Saturday, March 12, 2011

U.S. Dollar Drops Against Euro Again

The euro extended gains against the U.S. dollar on Friday after euro zone leaders came to an agreement on a competitiveness pact.

The euro hit $1.39 EUR=, up 0.8 percent on the day, according to Reuters data. Short covering played a major role in strengthening the euro zone single currency throughout the majority of the session, according to strategists.

The euro zone leaders reached a deal to establish higher retirement ages, more flexible labor markets and debt and deficit limits for euro zone countries.

The deal is expected to be officially adopted at a full 27-nation European Union summit on March 24-25.

Friday, March 4, 2011

U.S. Dollar to Continue to Fall in Value

The U.S. dollar is likely to fall in the week ahead as investors continue to bet that interest rates in the euro zone will rise ahead of those in the world's largest economy.

U.S. February jobs data came in a touch better than expected on Friday but disappointed investors who had hoped for an even stronger report. For details see

Investors see strong U.S. jobs growth as necessary for the Federal Reserve to end its second round of quantitative easing and instead tighten monetary policy by raising rates.

The U.S. situation is in sharp contrast with that of the euro zone, where the zone's common currency is likely to remain supported after European Central Bank President Jean-Claude Trichet strongly hinted at an interest rate rise in April, bolstering the view the ECB will tighten monetary policy before the Fed.

"We had Trichet warning Thursday that the ECB is considering a rate hike and perhaps the start of a rate hike cycle," said Joseph Trevisani, chief market analyst at FX Solutions in Saddle River, New Jersey. "The U.S. job number came in as expected and provided little direction to the market other than it did not disappoint and that will support risk appetite."

Full Story

Thursday, February 24, 2011

Euro Rises Against Greenback on Interest Rate Differentials

The dollar fell broadly Thursday as traders opted for the safety of the Swiss franc and Japan's yen amid ongoing turmoil in the Middle East and North Africa.

Meanwhile, expectations for widening interest-rate differentials pushed the euro to a three-week high against the dollar.

The dollar sank to a record low against the franc of CHF0.9234 as violence increased in Libya and fears increased that unrest in the Middle East could spread to more oil-producing nations like Iran and Saudi Arabia.

"We continue to focus on the issues in the Middle East," said Aroop Chatterjee, chief foreign exchange quantitative strategist at Barclays Capital in New York. "Even though we've seen a bit of stabilization in oil prices, in the currencies market, [investors] still favor safe havens."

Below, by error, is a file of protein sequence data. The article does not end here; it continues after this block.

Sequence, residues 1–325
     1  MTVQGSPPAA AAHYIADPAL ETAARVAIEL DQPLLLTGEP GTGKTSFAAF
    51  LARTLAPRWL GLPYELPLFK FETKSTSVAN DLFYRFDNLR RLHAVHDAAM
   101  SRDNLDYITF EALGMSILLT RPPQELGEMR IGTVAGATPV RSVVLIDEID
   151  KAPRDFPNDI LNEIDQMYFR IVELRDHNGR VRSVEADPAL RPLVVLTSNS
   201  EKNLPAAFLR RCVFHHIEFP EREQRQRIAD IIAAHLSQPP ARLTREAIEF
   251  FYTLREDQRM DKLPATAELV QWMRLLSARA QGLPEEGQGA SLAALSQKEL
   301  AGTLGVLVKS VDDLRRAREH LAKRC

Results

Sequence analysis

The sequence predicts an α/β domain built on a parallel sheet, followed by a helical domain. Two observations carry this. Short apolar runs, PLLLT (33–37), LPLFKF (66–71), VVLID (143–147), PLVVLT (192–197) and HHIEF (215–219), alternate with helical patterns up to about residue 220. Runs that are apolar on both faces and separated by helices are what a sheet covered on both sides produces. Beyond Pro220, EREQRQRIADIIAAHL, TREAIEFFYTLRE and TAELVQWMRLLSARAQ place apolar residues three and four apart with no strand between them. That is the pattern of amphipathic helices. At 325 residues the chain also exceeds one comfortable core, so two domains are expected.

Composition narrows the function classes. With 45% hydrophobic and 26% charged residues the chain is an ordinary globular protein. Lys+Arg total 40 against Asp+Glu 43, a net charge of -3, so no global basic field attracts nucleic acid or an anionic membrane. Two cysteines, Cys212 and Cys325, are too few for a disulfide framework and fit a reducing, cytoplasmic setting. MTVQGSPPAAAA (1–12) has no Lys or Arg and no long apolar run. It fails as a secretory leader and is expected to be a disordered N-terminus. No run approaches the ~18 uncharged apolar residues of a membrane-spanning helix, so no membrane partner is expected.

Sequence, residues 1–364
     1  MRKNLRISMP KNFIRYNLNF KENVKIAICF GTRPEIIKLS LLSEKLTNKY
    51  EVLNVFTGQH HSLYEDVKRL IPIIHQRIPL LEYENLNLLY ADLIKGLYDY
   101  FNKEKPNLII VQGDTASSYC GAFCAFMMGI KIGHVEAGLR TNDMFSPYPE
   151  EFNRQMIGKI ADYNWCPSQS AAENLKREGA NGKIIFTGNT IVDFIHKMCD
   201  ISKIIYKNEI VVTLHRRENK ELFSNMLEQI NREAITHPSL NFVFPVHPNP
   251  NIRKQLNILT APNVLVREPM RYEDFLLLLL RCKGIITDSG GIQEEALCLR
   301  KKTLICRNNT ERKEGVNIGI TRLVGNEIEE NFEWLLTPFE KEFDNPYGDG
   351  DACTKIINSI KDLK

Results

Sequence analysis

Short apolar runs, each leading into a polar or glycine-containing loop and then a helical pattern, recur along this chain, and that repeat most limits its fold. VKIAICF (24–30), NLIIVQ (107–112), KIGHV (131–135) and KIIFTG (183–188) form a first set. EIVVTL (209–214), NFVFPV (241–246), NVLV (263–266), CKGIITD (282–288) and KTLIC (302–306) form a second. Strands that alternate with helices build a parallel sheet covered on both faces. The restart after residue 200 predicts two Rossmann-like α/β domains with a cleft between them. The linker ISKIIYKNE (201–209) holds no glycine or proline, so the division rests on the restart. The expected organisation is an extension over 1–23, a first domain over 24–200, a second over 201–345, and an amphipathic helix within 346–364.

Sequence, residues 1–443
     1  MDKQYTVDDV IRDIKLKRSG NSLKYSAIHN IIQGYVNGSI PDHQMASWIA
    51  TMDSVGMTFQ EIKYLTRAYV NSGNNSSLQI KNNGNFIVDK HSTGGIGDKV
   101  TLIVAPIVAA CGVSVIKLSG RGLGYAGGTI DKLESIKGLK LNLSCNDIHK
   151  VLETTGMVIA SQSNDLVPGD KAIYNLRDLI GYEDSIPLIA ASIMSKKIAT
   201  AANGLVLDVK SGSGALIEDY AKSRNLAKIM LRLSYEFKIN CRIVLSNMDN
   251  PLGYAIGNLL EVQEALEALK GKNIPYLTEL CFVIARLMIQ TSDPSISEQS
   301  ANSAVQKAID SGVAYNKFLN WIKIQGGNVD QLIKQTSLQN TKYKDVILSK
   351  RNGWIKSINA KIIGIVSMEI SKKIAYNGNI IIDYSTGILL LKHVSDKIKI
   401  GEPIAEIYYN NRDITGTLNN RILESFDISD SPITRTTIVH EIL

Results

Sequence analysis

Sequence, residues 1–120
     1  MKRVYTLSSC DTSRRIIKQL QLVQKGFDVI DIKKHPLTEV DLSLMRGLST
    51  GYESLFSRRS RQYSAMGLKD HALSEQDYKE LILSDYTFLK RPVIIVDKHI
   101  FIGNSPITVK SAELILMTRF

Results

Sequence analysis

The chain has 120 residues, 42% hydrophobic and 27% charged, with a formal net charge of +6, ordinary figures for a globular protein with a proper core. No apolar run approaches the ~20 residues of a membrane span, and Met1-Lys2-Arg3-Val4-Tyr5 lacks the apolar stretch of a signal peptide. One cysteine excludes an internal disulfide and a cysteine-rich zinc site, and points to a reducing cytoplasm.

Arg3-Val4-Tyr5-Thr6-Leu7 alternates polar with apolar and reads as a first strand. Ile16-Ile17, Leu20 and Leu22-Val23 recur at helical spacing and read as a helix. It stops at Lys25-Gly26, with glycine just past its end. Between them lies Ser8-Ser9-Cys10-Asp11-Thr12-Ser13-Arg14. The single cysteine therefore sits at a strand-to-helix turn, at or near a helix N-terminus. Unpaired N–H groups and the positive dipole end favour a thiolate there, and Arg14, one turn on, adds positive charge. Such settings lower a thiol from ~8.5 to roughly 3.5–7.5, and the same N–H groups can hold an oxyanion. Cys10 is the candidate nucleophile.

The franc has become the most popular safe-haven option during times of geopolitical risk. It also rallied against the euro Thursday. The yen also was bid higher against the dollar and euro thanks to its perceived safety.

Oil prices climbed above $100 a barrel early in the global day on the New York Mercantile Exchange, leading to the dollar's record weakness against the franc. But even as oil prices have backed off that lofty level, currency investors continued to favor safety.

The situation in the Middle East appears to be far from stabilizing, so the flight to safety is likely to continue, analysts said.

Full Story

Yen Nears 3-Week High, Franc Climbs to Record on Libyan Unrest

The yen was about 0.4 percent from the strongest level in three weeks against the dollar and the Swiss franc climbed to a record as an uprising in Libya sent oil to a 29-month high, boosting demand for safer assets.

The yen and the franc headed for weekly gains against most of their major counterparts as stocks and commodities dropped worldwide. The dollar traded within 0.2 percent of a three-week low against the euro before a report forecast to show U.S. pending home sales declined in January.

“It’s a new scenario where the market is battling as global economic growth is being thwarted by higher oil prices, and that’s being reflected immediately in the U.S. dollar,” said Kurt Magnus, executive director of currency sales at Nomura Holdings Inc. in Sydney. “The Swiss franc and yen will continue to do well, they are incredibly safe-haven currencies.”

The yen was at 81.93 per dollar as of 8:10 a.m. in Tokyo from 81.89 in New York yesterday, when it touched 81.63, the strongest since Feb. 4. It has gained 1.5 percent this week against the dollar. The franc climbed to a record 92.28 centimes per dollar before trading at 92.55 from 92.64 yesterday.

Full Story

US Dollar Wavers on Surging Oil Prices, Weakens Against Swiss Franc

The dollar nursed heavy losses early in Asia on Friday, hovering above a record low versus the Swiss franc as investors sought safety in other currencies on fears the unrest in Libya will spread to other oil producers.